Actually, Lots of People Don't Want to Know
Dear folks -
There are some folks who have taken the character of dyes in oriental rugs and textiles very seriously. They've submitted valued pieces for testing by reliable third parties and have permitted the results to be published.
In my early days of collecting, I happened into Saul Barodofsky's shop when Saul was traveling. My wife and I got talking to Saul's wife about the fact that chemical testing for synthetic dyes was clearly possible, but seemed expensive.
I think I'm getting the next part right (Saul can correct me), but Ananda indicated that they had explored whether an economical testing kit could be marketed that would permit the detection of (not necessarily the specific identification of) synthetic dyes on the basis of small wool samples. It turned out that such a kit could be sold for about $200 (then).
Sadly, after asking around it became clear to Saul and his wife that there was in fact not much of a market for such a testing kit.
Dealers still wanted to say that the dyes in their pieces looked natural to them and collectors did not want to know that the pieces they owned might have synthetic dyes in them.
Everyone liked the ambiguity and there was no market for clearing things up despite how inexpensively that could be done.
That says a great deal about part of the dynamics of both collecting and dealing. There are very powerful forces of denial at work on both sides.
R. John Howe
This just isn't making sense to me.
Fact: Antique rugs with documentation that the dyes are all natural have higher values than those with some synthetic dyes. In most cases, the differences will be thousands of dollars for a single rug.
Fact: Dealers spend a lot of money on inventory, using the Experienced Eye method of determining whether each piece has all natural or some synthetic dyes, an important variable in determining how much is reasonable to pay.
Fact: Buyers spend large amounts of money, betting on their own or the dealer's Experienced Eye to determine whether their purchase has any synthetic dyes which, in turn, bears on the attractiveness of the selling price.
I am prepared to believe that many collectors would rather not know the nature of the dyes in their pieces, although I doubt that this is true for the majority. I am prepared to believe the same for some dealers. But a collector or a dealer considering a purchase has nothing about which to be in denial. He simply wants to know what he's buying. A kit that would let him make that determination conveniently and at modest cost (I assume that the $200 cost for the kit is not for only a single analysis, but for some number of analyses) would be gobbled up by collectors. I'll bet you could sell one to every family with a registrant at ACOR or ICOC. Find me one that can be bought for $200, and I'll buy a stack of them and market them myself.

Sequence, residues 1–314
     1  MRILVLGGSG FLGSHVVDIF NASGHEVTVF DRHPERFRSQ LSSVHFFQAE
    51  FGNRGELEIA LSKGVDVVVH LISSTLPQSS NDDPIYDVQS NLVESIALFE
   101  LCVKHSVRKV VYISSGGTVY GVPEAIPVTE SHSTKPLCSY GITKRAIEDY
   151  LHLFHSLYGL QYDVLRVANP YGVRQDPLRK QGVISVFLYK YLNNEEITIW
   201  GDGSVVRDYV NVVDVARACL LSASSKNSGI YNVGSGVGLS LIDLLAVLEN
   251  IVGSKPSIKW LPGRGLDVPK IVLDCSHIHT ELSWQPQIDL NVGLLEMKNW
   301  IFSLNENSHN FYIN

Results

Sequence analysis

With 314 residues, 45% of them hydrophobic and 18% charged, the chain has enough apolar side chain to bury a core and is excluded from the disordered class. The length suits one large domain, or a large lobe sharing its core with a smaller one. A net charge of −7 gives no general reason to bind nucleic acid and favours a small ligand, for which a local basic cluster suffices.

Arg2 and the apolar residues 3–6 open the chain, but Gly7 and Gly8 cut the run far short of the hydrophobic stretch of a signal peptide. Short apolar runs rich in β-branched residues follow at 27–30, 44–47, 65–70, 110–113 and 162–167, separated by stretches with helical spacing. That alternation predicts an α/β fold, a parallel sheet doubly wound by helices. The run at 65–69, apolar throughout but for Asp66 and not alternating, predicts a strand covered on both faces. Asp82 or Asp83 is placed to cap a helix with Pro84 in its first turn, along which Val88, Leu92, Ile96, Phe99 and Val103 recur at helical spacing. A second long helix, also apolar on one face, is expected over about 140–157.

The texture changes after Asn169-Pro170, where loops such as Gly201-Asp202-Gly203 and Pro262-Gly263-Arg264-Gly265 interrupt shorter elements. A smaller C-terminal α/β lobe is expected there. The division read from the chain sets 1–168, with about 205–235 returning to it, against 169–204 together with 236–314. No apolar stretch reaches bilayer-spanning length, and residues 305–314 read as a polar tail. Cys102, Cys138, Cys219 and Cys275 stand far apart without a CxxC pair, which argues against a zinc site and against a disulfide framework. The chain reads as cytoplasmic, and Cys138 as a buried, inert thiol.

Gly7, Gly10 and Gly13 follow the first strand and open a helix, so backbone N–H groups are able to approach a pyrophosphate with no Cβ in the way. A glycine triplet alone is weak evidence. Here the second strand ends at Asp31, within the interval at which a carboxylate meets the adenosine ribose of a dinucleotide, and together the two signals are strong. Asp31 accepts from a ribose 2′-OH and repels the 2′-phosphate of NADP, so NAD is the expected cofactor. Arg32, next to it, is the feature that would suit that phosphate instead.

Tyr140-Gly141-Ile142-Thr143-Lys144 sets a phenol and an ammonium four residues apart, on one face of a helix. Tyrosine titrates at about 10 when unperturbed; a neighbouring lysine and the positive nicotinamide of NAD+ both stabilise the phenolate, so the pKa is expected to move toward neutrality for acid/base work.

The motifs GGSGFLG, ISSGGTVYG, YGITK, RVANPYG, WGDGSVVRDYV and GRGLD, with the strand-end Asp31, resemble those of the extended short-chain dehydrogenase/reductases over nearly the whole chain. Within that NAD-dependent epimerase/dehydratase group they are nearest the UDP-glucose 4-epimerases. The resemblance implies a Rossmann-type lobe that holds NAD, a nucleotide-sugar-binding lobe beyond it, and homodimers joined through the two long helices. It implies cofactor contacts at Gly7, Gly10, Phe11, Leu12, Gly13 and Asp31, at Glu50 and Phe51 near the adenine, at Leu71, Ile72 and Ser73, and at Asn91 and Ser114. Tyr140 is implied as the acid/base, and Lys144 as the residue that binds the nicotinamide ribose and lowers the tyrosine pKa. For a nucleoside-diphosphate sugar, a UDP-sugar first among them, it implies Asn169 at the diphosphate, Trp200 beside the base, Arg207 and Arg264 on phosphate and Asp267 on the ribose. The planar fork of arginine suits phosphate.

I'm also skeptical about whether it's possible to devise a test that simply gives a "yes" or "no" when asked, "Is this a natural dye?" In fact, I can't imagine a way to do this without identifying the dye or eliminating other dyes as possibilities. Natural and synthetic dyes are, after all, just chemical compounds. If you want to know whether one is natural or synthetic, you have to know what the compound is or eliminate likely alternatives.
Perhaps Saul remembers some of the details and can help fill us in here.
Hi Steve -
Yes, I invite Saul to chime in frankly and to correct me.
I am a rug person and likely prone to exaggeration.
And I don't hear all that well.
But that's what I remember and I think Saul confirmed it at least approximately once before. But maybe not.
Anyway let's hear the real story, if different.
R. John Howe
Natural or synthetic colors?
Dear John, Steve and all,
When it is very hard to rely just on one's eye, I always use the time-tested way to determine whether a color is natural or not.
This is especially true for the red dye, which is by far the most problematic dye to determine its "naturalness":
I pour very hot water on a white piece of cloth and rub it on the suspicious dye. If the cloth is stained, and not by dirt, in all probability it is derived from a synthetic source.
Now, you will agree that this procedure is a whole lot cheaper than paying $200 or so for a color tester!
Re: Natural or synthetic colors?
Originally posted by Itzhak Mordekhai
If the cloth is stained, and not by dirt, in all probability it is derived from a synthetic source.
Message from Saul
Dear folks -
Steve and I have been involved in some backstage conversation with Saul about the issues in this thread.
We have his permission to post what he has said to us. The following is from two separate messages from Saul:
Haven't been on line for awhile - so didn;t see your posting till now - however - you have a good memory -
As I recall the events:
Back in the early daze (early mid 80's) Paul Mushak wanted to develop both a professional natural dye testing service for professional, collectors and instituitions - He publicized it in Hali and O.R.R. and got no takers -